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Discussion Starter #1
I've done a lot of searching on this and can't come up with a definitive answer. General car discussions claim that if the lower hose is much lower in temperature from upper, then there's a problem. However, I've seen some Trailblazer specific discussion indicating that this isn't the case with this vehicle and it's normal for it to be cool or luke warm (though some disagreed).

I drained and filled coolant a few weeks ago. Burped the system according to online instructions. Temp gauge shows 210 when driving with heater on and just a hair above 210 with it off. Heater gets good heat and is hot by the time the engine is up to temp (a few minutes of driving). Coolant level has not changed since drain/fill. It increases a little in the reservoir after driving and is back down where I filled it when I check it the next morning.

After a 30 minute drive, upper radiator hose is too hot to grab onto and hold (IR gun shows 190ish) while lower radiator hose is always either cool or just barely has any warmth to it. Is that really normal?

Pretty much any discussion I've found where others are mentioning their lower hose is cool comes with them also having other issues like no heat in the cab or engine overheating. But for mine everything seems to run ok and no overheating.
 

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02 Oldsmobile Bravada, 235,000 miles, vortec 4.2L
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Same problem here, I just put in a new thermostat and now mine runs at 220F (with OBD scanner). The upper hose is boiling hot while the lower one is cool or barely wam. Did you figure it out?
 

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Discussion Starter #3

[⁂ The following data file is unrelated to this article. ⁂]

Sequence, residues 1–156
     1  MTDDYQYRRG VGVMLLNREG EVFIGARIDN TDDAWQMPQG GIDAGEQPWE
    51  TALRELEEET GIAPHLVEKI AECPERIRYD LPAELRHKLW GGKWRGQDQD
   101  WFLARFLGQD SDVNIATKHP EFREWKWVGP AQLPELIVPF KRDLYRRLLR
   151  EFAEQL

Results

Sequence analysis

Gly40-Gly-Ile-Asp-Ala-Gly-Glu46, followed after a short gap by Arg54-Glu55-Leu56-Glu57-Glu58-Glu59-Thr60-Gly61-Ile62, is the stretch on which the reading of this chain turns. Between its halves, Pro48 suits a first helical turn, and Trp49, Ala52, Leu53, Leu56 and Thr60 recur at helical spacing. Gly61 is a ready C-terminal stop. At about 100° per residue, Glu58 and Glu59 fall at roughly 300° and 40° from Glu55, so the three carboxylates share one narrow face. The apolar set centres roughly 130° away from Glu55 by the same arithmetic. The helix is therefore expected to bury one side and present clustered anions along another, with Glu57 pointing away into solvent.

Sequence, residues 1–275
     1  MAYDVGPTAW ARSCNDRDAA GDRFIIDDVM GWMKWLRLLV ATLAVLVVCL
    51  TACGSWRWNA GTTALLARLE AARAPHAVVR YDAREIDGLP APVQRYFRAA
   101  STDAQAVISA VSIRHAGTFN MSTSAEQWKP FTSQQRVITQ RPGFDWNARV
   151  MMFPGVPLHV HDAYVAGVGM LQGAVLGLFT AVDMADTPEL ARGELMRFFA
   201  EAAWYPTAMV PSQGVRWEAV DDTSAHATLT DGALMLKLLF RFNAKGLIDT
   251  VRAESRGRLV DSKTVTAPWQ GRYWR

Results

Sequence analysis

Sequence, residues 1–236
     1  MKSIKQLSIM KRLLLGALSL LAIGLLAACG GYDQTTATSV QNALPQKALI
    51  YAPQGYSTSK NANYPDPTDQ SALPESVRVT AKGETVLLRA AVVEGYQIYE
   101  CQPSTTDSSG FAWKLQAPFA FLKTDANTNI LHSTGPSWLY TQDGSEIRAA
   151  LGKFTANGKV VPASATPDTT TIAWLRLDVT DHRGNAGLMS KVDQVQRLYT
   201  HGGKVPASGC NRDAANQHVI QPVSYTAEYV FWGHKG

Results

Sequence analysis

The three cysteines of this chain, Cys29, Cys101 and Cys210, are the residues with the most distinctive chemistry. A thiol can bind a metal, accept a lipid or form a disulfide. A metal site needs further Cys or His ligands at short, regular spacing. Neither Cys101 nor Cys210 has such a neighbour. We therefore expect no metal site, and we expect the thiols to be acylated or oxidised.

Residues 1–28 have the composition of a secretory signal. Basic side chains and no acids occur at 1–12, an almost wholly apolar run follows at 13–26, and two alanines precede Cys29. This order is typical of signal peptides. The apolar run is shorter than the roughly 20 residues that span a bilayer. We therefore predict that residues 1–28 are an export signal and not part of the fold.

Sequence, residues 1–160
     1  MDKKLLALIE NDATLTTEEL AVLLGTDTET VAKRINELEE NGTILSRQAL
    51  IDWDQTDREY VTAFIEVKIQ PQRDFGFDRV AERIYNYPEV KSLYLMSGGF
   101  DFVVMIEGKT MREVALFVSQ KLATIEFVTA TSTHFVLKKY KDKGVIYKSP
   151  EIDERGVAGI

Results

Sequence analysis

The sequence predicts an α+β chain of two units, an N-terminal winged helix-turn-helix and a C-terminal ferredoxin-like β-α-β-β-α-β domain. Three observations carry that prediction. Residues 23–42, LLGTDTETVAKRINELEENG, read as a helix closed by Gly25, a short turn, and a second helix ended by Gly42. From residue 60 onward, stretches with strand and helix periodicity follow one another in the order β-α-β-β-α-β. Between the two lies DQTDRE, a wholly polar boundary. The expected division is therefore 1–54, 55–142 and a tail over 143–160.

It has since been totaled in an accident but from reading around, I had found a couple references to it being normal for the lower hose to be ambient temp or just slightly warm on this vehicle. My temp gauge always showed 210-211 once up to temp but I have no idea what the actual temp would've read with a scanner. I recall finding a graph of the coolant flow of this engine and it kind of making sense to me how it works. Something like coolant isn't allowed to flow through the radiator but rather it's flowing through the engine and only small amounts of radiator cooled coolant is being metered into the engine from the lower hose as needed to keep at temp. Something about avoiding shocking the engine by letting free flow of cooled coolant. This method was said to keep it at a more even temp. I would guess eventually enough heat would be generated to move hotter coolant down through the radiator to where the coolant in the radiator bottom would be warmer so more would be mixed in and then the lower hose would be warmer/hot to the touch but I only had 30 minute drives back and forth to work so this never happened while I was keeping an eye on it. I deleted all my files on the vehicle once it was gone or I'd look for that graph/explanation for you. I really started to think the cooler lower hose was indeed normal. I don't know about the 220 temp reading though.